Making a Claim
If you've been involved in a collision that may result in a claim, contact your insurance representative as soon as possible. You must notify your insurer as soon as possible (some policies specify within seven days) about any accident involving the automobile:
Most policies state that a written declaration ("proof of loss") must be made within 90 days of the accident. If you don't make your claim within this time, your insurance company may not be legally bound to honour your claim. In practice, however, most companies will honour a claim made within one year if there is a reasonable explanation of the delay.
If you are making a claim against another driver, you should notify him or her as quickly as possible. It's also a good idea to notify the other driver's insurance company of the claim yourself; don't assume that the other driver has done so.
In the unlikely event that you intend to sue your insurer, check your contract for any time limits that may apply.
Preventing further loss
If you are involved in a collision, you are responsible for protecting your vehicle from further loss or damage. The insurer, however, will pay for the damage if you have purchased Collision or All Perils coverage. You must not order repairs, other than those needed for protection of the vehicle from further loss or damage, until the insurer has consented or has had a reasonable amount of time to inspect the damage.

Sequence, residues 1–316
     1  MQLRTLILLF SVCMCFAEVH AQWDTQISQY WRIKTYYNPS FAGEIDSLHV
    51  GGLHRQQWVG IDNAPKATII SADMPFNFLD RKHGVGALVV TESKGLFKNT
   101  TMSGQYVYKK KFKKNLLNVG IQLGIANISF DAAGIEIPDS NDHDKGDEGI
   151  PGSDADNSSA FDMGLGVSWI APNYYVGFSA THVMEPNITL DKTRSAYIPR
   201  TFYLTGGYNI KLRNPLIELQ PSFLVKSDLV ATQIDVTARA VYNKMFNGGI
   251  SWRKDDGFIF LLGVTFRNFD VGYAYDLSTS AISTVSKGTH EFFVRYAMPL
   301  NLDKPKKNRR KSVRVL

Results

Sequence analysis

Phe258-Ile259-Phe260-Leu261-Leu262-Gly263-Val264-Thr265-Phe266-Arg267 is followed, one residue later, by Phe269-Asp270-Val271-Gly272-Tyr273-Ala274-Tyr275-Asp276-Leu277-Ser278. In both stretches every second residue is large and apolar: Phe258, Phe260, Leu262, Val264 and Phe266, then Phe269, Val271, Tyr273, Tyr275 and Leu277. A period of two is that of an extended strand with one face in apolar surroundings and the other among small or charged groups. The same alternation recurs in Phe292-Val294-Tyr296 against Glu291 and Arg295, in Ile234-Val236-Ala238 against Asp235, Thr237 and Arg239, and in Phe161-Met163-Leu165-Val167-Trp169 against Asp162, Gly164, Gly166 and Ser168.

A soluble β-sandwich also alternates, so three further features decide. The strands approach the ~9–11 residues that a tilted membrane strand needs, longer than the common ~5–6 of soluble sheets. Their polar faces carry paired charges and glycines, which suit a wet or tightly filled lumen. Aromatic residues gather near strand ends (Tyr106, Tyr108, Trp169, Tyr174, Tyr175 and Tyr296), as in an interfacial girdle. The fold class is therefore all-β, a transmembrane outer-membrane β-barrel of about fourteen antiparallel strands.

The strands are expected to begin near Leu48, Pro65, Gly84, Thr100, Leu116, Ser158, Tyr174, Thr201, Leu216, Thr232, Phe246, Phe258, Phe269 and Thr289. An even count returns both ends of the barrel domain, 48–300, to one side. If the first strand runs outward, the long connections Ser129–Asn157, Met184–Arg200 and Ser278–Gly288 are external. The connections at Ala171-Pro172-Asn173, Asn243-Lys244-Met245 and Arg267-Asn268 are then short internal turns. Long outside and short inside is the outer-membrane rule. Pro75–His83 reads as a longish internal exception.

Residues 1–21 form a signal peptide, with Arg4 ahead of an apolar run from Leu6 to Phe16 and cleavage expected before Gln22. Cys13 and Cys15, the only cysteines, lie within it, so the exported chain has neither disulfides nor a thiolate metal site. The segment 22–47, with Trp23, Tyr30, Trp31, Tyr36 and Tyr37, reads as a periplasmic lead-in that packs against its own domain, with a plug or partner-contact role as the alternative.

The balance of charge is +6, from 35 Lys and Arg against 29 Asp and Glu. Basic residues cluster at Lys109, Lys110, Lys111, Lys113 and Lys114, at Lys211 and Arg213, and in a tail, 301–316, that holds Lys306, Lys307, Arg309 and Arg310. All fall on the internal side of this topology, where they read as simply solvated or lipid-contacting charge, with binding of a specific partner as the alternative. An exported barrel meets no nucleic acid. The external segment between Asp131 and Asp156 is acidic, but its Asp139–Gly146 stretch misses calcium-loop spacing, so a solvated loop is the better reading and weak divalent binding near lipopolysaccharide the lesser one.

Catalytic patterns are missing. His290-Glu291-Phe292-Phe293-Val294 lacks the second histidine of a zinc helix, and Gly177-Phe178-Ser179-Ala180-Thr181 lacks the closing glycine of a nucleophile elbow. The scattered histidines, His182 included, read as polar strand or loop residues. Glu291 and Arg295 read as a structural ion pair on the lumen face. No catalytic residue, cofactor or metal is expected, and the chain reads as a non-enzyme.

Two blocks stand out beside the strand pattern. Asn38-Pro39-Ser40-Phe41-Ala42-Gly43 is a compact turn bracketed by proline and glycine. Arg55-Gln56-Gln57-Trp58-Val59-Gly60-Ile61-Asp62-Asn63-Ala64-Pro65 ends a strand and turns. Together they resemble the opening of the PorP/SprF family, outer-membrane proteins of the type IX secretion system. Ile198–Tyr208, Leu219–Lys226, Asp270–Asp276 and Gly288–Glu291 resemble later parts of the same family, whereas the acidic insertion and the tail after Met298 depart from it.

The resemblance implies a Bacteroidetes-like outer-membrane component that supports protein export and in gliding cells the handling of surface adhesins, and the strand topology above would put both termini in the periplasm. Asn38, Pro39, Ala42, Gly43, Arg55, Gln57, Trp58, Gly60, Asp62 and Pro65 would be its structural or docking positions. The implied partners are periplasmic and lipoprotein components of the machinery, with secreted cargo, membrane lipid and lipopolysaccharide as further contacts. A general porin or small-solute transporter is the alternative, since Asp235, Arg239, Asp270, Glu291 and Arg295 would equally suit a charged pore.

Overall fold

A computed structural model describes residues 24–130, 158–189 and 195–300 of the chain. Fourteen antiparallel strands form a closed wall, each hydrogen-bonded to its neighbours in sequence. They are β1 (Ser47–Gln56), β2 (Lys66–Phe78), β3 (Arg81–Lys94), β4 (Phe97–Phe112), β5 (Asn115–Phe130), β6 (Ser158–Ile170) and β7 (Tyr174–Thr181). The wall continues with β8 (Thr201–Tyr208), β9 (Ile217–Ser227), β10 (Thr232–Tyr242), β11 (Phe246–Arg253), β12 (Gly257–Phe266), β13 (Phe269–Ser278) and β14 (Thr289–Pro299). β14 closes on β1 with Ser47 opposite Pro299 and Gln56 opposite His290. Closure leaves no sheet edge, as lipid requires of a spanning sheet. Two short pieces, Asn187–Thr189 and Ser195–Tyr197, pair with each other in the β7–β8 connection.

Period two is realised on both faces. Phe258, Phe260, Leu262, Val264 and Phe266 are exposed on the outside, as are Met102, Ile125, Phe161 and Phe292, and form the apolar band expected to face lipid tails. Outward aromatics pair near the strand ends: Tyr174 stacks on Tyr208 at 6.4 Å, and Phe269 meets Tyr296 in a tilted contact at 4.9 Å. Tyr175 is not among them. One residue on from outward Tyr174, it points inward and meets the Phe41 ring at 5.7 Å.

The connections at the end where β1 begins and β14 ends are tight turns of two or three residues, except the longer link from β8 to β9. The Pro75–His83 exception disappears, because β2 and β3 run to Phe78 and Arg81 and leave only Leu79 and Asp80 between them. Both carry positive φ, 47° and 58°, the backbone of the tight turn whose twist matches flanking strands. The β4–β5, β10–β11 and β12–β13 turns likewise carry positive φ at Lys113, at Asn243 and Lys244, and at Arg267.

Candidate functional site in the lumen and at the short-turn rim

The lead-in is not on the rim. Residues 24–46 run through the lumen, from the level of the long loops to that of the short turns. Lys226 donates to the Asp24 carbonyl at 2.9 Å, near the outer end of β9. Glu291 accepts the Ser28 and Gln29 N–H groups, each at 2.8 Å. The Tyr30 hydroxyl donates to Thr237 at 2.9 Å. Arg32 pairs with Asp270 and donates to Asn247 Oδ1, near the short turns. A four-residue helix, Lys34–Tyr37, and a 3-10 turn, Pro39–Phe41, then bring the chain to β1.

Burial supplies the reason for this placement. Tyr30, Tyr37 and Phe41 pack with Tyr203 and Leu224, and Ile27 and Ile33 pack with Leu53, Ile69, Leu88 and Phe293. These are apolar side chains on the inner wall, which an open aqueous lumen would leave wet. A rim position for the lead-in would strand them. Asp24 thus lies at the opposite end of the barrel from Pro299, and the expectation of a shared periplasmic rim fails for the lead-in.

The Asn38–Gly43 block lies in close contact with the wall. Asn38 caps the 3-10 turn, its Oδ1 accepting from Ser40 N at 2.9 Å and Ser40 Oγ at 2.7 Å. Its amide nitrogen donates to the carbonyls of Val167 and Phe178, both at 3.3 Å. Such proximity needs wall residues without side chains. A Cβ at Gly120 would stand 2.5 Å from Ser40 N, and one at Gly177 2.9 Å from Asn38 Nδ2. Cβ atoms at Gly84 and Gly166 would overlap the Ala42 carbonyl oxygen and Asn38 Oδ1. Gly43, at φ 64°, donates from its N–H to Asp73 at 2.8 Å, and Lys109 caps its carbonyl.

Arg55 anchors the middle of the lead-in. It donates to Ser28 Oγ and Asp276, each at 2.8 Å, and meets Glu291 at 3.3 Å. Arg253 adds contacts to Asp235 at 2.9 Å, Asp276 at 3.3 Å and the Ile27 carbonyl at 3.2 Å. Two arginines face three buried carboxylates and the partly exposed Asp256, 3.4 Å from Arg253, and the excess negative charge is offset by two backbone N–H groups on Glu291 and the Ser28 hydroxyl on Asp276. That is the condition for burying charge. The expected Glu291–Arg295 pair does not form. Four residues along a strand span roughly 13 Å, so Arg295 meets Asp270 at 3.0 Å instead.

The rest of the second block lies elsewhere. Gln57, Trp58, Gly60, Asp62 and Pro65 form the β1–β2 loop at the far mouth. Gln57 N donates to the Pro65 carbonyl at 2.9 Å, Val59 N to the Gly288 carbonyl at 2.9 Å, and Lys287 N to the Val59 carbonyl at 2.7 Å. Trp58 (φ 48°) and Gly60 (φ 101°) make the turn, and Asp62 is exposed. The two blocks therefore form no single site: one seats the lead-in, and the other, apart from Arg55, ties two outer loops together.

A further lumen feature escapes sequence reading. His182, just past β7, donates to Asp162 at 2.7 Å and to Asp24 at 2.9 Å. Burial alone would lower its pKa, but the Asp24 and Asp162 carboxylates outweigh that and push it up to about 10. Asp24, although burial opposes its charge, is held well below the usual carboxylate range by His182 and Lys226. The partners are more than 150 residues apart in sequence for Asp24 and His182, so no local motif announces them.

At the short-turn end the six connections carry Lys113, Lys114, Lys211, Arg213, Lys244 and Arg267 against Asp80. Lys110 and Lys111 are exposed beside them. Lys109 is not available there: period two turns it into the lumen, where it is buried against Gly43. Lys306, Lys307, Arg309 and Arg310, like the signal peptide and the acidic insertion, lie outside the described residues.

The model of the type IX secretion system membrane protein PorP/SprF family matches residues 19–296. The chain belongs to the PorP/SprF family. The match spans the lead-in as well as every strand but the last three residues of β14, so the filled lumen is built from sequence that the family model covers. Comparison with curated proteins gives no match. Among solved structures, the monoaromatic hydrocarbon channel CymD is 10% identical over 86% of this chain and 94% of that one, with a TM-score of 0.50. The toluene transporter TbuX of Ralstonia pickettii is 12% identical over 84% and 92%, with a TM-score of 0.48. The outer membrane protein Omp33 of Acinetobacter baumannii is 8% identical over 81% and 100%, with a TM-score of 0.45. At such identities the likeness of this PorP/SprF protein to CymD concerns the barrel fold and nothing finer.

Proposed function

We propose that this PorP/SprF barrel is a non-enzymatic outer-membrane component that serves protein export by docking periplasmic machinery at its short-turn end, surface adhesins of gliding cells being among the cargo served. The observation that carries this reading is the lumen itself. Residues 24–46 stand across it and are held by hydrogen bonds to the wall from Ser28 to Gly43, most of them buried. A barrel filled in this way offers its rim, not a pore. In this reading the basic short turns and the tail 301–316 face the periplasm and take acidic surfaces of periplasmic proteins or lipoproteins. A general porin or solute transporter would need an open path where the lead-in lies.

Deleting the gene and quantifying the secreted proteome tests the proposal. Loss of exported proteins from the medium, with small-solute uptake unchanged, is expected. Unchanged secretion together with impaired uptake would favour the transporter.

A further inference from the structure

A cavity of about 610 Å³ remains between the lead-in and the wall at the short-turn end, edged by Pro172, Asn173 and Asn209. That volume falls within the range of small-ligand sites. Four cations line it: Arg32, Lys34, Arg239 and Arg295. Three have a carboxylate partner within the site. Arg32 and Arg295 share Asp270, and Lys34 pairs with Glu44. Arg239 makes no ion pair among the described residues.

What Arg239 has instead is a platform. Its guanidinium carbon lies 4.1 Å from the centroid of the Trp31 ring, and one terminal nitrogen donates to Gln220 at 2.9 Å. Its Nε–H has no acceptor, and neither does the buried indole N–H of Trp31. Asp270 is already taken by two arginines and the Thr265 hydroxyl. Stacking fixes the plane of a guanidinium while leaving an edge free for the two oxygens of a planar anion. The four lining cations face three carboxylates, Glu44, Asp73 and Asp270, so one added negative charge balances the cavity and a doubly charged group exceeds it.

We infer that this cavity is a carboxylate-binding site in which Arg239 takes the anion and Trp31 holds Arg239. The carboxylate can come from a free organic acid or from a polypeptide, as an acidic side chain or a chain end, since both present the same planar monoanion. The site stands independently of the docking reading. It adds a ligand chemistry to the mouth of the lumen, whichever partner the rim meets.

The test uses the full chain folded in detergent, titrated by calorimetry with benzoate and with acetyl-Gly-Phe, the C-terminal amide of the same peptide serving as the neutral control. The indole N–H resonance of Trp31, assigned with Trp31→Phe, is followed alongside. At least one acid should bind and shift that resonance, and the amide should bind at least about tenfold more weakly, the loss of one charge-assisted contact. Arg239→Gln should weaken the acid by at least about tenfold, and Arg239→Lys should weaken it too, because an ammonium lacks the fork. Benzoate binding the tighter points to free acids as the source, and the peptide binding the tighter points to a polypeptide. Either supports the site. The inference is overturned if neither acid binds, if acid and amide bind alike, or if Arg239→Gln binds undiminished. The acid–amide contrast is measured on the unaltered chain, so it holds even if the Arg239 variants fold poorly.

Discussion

You cannot simply abandon a wrecked vehicle to the insurer without the insurer's consent. However, when your insurer has replaced or paid for a wrecked vehicle, the wreck or whatever is left of it (salvage) belongs to the insurer.
You must not voluntarily assume liability (responsibility) for any collision or settle any claim, except at your own cost.
Once your insurance company has been advised, a claims specialist – an "adjuster" – will be assigned to look after your claim. The amount you receive for your claim will depend on the type of coverage you bought. The adjuster's job is to determine the facts relating to the claim and the extent to which the claim is covered by insurance. The adjuster, who is paid by the insurance company, also attempts to reach an agreement with the other people involved regarding the amount of their loss and extent of their responsibility.
When you don't have Collision coverage
If the collision was the other driver's fault, you could claim payment of your damages from the at-fault driver. (In Ontario and Quebec, Direct Compensation - Property Damage may apply, in which case you would claim from your own insurer.) If it was your fault, you will be personally responsible for your damages.
In Ontario, drivers who do not carry car insurance as they are required by law to do cannot sue another driver to claim for reimbursement for damage to their cars.